Boise State’s student newspaper, The Arbiter, published an article yesterday (Jan. 23-2018) on the esports program, led by EdTech’s Chris Haskell and Brett Shelton. Here’s the article.
By: Daniel Gardner and Tylor Sorensen
Starting in the fall of 2017, Chris Haskell and Brett Shelton made a vision their reality with the creation of the Boise State Broncos Varsity Esports program. At the beginning of the school year the program had a massive search for talent, locating students who play League of Legends, Overwatch, Hearthstone, Heroes of the Storm and Rocket League. This search has lead to five full teams that have already started competing in various matches.
Chris Haskell, professor of educational technology and now facilitator of the teams, is the mastermind behind the project. Haskell’s facilitating has given the students brand new experiences that they wouldn’t have imagined, including being able to work with professional players online who are acting as coaches, playing in competitive games that are broadcasted online and lastly being a member of a brand new team on campus that has caught the attention of news outlets such as ESPN.
“Looking at other schools involved and popularity of the games I believe this is going to become a big thing in the coming years, almost as big as football and basketball,” Haskel said. “You realize that every once in awhile there is a ‘gold rush’ moment and you should go all in, and this is one of those times.”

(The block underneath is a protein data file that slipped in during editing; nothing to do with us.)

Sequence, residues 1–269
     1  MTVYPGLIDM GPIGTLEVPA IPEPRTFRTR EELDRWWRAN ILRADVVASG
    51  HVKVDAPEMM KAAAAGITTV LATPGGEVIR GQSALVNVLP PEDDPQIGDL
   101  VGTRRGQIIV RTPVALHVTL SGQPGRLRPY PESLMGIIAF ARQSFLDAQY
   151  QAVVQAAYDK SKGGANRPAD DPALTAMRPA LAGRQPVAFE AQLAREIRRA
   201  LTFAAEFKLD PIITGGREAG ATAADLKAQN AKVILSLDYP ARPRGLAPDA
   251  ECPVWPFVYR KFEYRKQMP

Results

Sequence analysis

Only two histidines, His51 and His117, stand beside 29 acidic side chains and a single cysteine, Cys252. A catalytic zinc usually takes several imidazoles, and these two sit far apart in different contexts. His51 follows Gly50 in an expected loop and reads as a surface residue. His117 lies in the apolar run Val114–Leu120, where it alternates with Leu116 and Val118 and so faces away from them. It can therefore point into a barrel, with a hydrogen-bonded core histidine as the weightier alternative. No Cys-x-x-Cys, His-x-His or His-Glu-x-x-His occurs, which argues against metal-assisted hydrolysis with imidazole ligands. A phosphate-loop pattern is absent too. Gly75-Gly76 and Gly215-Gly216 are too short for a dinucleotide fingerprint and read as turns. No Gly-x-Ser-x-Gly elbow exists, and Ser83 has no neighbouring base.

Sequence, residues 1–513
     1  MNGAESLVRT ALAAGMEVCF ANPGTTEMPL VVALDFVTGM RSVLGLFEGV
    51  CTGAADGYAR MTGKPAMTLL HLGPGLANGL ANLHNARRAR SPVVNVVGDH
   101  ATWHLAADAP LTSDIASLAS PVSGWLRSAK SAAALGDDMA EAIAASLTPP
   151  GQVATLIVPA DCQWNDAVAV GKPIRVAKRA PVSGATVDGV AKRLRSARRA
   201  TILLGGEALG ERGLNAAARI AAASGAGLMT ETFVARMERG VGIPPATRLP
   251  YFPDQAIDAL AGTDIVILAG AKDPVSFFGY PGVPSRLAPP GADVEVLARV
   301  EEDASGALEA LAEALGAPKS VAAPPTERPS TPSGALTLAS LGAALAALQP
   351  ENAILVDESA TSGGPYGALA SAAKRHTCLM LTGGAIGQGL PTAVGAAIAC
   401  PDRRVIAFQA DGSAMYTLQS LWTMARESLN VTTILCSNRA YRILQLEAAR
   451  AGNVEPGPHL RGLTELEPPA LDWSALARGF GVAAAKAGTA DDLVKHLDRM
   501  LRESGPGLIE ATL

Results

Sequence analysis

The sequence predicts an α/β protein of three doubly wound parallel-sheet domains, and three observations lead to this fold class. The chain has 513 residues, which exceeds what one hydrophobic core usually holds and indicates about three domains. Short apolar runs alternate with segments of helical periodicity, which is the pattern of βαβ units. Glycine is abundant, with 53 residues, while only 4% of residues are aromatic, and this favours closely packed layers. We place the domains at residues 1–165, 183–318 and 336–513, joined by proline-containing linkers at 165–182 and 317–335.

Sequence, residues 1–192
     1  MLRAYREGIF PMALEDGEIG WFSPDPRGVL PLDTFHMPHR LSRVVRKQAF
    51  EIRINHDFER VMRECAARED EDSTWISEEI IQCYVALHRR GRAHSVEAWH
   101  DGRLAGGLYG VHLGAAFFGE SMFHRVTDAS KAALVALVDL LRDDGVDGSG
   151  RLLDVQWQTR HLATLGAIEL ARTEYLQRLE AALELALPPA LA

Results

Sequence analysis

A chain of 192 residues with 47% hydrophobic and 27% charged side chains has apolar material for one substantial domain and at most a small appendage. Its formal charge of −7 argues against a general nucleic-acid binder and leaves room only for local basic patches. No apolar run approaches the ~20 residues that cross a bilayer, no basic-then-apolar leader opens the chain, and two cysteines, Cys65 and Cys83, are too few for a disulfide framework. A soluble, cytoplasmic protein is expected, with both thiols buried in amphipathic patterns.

Starting their practices 9 a.m., the program has practice four days a week for three hours a day. The program’s practice facility can be found in the Education building. Upon stepping inside, a person finds themselves wrapped up in the world of gaming. The room is filled with computers set up to play the various games the program offers. On a typical Thursday at 9 in the morning the room is already filled with 14 League of Lsegends players waiting to meet up online with one of their coaches who lives in Australia.
Derrek Bryant, a sophomore communications major and member of the League of Legends team, finds time to practice with the team, focus on his school work and play and additional four to five hours of League of Legends a day to keep his skills fresh.
“I have always been good at video games,” Bryant said. “I would always finish the game either the day or a few days after I get a single player game, but with League of Legends, you will continue to learn; even though I have played it for five to six years, I am still learning new things.”
With the goal in mind of getting the players to learn new things within the game, Haskell knew he needed to work directly with the players’ coaches, which also allows him to fall back into the position of facilitator. Scheduling games for the teams and just being around in the background at competitions, giving them casual friendly reminders of what the coaches taught them. As many of the players in their specific game have more experience than Haskell, he knew that finding coaches was crucial to team success.
The experience of the players can be seen in Rocket League captain Issiac Torrero. Torrero, a sophomore GIMM major, has over 1,000 lifetime hours logged into Rocket League. Torrero expressed his happiness about being a member of this program and discussed how, when he came to Boise State, he would not have imagined that he would be a member of one of their sports programs.
“I’m very thankful that Chris and Brett were able to start this, and it is really cool that I am able to participate,” Torrero said.